LiDAR Is the iPhone 12 Pro’s Secret Weapon
Without the right app and task, Apple iPhone 12 Pro’s LiDAR scanner is little more than an oddity
New technology is nothing but an abstraction until you use it. For most people, the iPhone 12 Pro features just such an abstraction: LiDAR or Light Detection and Ranging. Apple started adding these sophisticated sensors to its iPad Pro line last spring and then to its iPhone 12 Pro line in October.
My experience with LiDAR goes back to 2004, the first time I saw self-driving car technology at Carnegie Mellon University. Researchers there were proudly displaying the first car to autonomously traverse a remote, 142-mile desert course and “win” the DARPA Grand Challenge (no one completed the race, but CMU’s Red Team went the furthest). It was at CMU that roboticists explained to me how the car used, among other sensors, LiDAR, which bounces the laser light off surfaces and then measures the time the light takes to return to the scanner, to create an accurate 3D rendering of the space and, for the CMU vehicle, a virtual map for it to navigate.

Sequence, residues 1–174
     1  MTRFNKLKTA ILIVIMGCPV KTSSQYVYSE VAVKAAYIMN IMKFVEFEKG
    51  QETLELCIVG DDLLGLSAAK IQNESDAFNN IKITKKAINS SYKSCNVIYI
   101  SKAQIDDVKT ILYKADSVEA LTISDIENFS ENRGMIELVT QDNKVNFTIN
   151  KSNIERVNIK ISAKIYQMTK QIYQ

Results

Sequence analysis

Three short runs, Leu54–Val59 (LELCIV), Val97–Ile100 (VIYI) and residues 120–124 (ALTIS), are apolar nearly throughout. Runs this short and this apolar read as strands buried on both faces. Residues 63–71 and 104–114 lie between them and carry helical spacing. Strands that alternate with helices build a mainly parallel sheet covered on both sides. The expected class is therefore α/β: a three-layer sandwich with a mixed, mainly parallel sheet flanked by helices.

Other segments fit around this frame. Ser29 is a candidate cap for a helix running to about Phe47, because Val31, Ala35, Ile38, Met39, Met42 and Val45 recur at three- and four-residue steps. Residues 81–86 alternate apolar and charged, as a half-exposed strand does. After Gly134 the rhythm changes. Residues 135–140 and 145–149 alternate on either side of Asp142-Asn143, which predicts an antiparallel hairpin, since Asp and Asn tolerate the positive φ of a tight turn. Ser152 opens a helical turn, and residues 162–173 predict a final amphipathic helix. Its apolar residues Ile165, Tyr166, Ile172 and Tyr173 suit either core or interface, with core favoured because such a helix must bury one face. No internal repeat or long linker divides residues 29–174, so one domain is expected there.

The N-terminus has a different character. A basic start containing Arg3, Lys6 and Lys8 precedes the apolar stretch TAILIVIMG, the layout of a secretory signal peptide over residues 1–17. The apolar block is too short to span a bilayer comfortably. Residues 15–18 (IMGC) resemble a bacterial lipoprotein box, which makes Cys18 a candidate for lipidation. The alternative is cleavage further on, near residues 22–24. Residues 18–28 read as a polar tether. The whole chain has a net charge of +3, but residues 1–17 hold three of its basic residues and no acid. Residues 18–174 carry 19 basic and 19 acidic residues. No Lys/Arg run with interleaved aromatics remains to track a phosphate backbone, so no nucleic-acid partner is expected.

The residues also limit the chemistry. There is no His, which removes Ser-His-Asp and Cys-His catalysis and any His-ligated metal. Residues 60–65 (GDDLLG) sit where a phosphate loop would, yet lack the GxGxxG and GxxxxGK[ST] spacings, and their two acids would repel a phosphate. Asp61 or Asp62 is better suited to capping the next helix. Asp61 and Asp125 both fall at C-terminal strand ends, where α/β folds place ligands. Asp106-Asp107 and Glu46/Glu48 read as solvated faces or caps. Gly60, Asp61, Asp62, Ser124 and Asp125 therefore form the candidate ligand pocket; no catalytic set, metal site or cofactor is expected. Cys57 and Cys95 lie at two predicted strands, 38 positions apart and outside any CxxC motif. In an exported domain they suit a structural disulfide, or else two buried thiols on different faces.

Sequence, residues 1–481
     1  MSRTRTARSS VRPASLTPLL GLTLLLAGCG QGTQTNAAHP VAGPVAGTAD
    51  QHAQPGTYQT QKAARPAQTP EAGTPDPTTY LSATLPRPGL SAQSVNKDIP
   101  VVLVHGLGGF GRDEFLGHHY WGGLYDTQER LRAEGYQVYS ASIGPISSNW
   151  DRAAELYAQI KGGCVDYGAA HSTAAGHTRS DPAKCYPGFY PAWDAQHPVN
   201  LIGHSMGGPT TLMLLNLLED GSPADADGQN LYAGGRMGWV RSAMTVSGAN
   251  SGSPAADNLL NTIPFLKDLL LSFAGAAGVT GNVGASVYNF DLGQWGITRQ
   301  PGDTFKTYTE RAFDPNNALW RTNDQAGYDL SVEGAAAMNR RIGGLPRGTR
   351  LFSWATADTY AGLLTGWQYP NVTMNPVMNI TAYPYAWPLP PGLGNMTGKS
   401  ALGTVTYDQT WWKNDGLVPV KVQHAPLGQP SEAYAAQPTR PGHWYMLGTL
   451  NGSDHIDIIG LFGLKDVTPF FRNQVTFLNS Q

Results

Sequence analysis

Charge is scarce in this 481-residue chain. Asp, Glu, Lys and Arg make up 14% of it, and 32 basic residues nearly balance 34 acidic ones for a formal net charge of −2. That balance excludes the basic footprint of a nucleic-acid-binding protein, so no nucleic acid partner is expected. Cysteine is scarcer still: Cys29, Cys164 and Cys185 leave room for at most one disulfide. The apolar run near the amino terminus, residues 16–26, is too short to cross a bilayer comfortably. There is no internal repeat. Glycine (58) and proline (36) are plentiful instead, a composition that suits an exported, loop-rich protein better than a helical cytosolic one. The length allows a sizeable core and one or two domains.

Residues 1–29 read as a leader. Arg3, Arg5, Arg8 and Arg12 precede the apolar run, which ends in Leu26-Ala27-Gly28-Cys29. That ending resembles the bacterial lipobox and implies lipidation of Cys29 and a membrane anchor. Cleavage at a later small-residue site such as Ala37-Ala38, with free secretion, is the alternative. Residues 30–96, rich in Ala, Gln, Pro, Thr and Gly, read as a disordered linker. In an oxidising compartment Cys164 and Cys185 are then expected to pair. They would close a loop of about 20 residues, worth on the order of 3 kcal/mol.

Since then, I’ve seen LiDAR on a variety of different vehicles including, once, an Apple Map car that, I’m guessing, was using it to create precise visual maps of city streets.
I’ve noticed, however, that despite its existence on the iPhone 12 Pro, Apple doesn’t mention this expensive piece of hardware in iPhone 12 Pro commercials. Tech media reviewers know that the LiDAR scanner assists the iPhone 12 Pro and Pro Max in focusing in low light situations. Basically, it can see in the dark, making portrait mode photography possible at night and in low light.
During the iPhone 12 unveiling last fall, Apple said the scanner would take augmented reality (AR) to the next level by building room scans and allowing for precise placement of AR objects.
When consumers think of AR, though, it’s mostly cute Snapchat filters that wrap to the contours of their face and, perhaps, some games that allow them to put realistic dinosaurs or Lego virtually in their home.
Fun, but not necessarily useful. LiDAR, however, has the potential to be so much more than a toy.
If you ever want to tax the iPhone 12 Pro’s powerful A14 Bionic CPU, create a complex 3D scan.
Recently, my wife and I redid our den, tearing up old flooring, repairing and fixing walls, and panting everything white or slate blue. We also threw out all our old furniture and have been struggling ever since to find the right replacement pieces.
On a recent shopping trip, we finally found a loveseat that we thought fit the color, size, style, and fabric we want. We pulled off the throw pillows the salespeople piled on the furniture and my wife started taking iPhone pictures. As she did, I remembered the iPhone 12 Pro and LiDAR scanner in my pocket.